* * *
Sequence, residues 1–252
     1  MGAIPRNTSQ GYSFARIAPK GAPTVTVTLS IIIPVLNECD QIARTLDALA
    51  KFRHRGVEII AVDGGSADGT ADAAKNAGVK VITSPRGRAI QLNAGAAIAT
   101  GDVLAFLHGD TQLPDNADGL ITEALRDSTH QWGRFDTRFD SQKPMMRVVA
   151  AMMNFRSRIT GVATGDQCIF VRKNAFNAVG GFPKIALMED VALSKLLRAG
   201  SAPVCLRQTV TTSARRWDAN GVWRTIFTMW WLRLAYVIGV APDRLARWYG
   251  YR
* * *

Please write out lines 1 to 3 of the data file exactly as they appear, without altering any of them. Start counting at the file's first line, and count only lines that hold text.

Sequence, residues 1–252
     1  MGAIPRNTSQ GYSFARIAPK GAPTVTVTLS IIIPVLNECD QIARTLDALA
    51  KFRHRGVEII AVDGGSADGT ADAAKNAGVK VITSPRGRAI QLNAGAAIAT